Hector’s dolphins and their close relative the Maui’s dolphin live only in New Zealand and are both the smallest and rarest marine dolphins on earth. Entanglement in gill and trawl nets has devastated Hector’s and Maui’s dolphins to near extinction and is killing them faster than they can breed.
Since the introduction of nylon filament nets in the 1970s, Hector’s dolphin numbers have dropped from 29,000 to less than 7,000. The situation for Maui’s dolphins, a subspecies of Hector’s dolphins, is even worse. More than 90% are already lost. With just 55 survivors older than one year and less than 20 breeding females, Maui's dolphins are facing imminent extinction.
Hector’s and Maui’s dolphins breed very slowly. Even under ideal circumstances a population of 100 individuals can only grow by two animals a year at the most.
Saving this species is a race against time that can only be won if fishing-related mortality is prevented. For more than a decade, marine biologists and conservationists have called for a New Zealand-wide ban on gillnets, and for the careful management of other threats, such as pollution, marine mining, tidal power stations in prime dolphin habitat, aquaculture and others.
Hector’s dolphins continue to decline because protection measures are inadequate. Unless things change, the species will become extinct. In the absence of fisheries bycatch, Hector’s dolphins could recover to at least half of their original population size within decades.
Let's see if we can reach 18000 signatures - that's more than one for each dolphin that could be alive within a matter of decades if nets didn't kill them.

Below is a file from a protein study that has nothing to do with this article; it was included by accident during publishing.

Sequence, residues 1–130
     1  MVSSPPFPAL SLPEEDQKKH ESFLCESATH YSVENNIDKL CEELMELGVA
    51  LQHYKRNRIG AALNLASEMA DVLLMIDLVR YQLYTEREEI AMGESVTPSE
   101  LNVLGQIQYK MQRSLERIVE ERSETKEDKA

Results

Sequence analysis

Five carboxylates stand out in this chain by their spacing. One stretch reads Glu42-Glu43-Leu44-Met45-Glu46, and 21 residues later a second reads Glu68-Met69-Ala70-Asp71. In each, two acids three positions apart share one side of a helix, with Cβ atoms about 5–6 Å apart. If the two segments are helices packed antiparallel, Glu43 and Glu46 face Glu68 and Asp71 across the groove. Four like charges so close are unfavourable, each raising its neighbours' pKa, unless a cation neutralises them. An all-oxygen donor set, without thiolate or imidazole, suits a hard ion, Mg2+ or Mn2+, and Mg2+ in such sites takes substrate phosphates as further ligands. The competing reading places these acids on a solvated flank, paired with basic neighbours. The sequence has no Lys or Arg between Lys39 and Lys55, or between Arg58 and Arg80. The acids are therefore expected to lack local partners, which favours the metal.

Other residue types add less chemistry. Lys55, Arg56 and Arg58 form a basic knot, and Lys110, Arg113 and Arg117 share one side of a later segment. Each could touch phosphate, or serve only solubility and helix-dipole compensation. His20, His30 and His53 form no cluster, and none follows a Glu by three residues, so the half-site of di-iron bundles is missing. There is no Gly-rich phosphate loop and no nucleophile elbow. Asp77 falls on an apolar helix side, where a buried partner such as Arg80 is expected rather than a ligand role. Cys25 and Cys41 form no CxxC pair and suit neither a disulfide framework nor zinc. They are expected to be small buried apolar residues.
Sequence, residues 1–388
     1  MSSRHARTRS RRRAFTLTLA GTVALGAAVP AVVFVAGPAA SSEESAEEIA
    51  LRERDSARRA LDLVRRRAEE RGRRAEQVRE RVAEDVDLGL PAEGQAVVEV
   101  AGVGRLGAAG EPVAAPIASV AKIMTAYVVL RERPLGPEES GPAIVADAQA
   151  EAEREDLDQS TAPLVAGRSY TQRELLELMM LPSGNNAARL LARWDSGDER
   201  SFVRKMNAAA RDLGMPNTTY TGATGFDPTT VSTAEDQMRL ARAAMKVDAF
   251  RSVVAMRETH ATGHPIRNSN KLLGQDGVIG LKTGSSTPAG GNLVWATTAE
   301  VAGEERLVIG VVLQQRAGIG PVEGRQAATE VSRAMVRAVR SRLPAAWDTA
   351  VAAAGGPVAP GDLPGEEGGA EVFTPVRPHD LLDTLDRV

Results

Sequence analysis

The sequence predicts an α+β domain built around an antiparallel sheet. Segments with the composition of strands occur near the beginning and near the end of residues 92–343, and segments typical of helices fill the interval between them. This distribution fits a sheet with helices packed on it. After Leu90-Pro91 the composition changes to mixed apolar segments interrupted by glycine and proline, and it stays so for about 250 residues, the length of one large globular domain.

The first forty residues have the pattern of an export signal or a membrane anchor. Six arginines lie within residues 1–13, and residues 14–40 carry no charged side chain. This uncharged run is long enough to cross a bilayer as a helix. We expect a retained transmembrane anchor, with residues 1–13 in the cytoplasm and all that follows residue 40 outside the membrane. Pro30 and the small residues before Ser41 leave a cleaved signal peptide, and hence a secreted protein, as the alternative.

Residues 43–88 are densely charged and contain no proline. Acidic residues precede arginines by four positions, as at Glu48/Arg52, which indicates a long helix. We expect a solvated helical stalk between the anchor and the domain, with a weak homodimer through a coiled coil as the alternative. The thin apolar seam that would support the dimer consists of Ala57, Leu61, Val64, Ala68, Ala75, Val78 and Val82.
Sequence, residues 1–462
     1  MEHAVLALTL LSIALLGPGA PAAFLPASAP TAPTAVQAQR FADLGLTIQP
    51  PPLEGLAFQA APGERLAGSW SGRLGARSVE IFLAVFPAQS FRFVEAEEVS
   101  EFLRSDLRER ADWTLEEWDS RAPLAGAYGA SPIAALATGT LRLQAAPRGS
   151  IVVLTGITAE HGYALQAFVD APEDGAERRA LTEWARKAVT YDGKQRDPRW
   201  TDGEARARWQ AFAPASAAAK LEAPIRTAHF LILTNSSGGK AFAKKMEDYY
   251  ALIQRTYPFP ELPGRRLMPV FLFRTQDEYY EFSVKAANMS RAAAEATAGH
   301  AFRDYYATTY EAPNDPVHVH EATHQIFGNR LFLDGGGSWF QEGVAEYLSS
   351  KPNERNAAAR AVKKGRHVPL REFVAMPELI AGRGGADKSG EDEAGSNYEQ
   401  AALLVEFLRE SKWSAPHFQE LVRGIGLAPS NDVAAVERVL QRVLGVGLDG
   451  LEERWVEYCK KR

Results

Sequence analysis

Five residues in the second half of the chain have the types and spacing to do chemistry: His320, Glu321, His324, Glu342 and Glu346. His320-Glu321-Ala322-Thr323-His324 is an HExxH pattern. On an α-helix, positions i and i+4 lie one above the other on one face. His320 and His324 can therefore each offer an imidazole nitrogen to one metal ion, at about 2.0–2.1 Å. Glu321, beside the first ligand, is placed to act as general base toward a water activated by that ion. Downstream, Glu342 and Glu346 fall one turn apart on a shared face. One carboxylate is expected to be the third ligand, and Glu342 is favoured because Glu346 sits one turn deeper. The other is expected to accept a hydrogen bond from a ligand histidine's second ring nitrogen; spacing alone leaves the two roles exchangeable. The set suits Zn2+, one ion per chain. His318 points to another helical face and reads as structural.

Thank you for your support for these animals, who are in so much trouble!
- Prime Minister of New Zealand
Rt Hon John Key
- Minister of Conservation, New Zealand
Hon Kate Wilkinson
- Minister of Primary Industries, New Zealand
Hon David Carter
I am writing to express my deep concerns over the lack of effective measures to arrest the continued decline of Hector’s and Maui’s dolphins.
Without a firm commitment and the political will to eliminate active fishing threats and the prevention of new hazards such as emerging coastal developments in the species’ habitat, Hector’s and Maui’s dolphins will continue to move ever closer to extinction.
New Zealand prides itself on its environmental credentials and has been a longstanding and outspoken advocate for the protection of cetaceans at the International Whaling Commission. Your country holds this unique marine species in trust for the rest of the world. I therefore urge you to bring your efforts to protect Hector’s and Maui’s dolphins in line with New Zealand’s enduring dedication towards the conservation of terrestrial species, such as the Kiwi, the Kea and the Kakapo.
Hector’s dolphins are extremely vulnerable to overexploitation, reproduce very slowly, will be affected by the loss of extremely small numbers of individuals, and are subject to continued overall decline.
Over the past 25 years, Hector’s and Maui’s dolphin protection has been marred by unsuccessful half measures, lack of political will, delays, the unwillingness to translate the best available scientific knowledge into effective management decisions, and an unhealthy reliance on information from New Zealand’s fishing industry. As a result, policies and management actions consistently fell short of what is required to bring about recovery.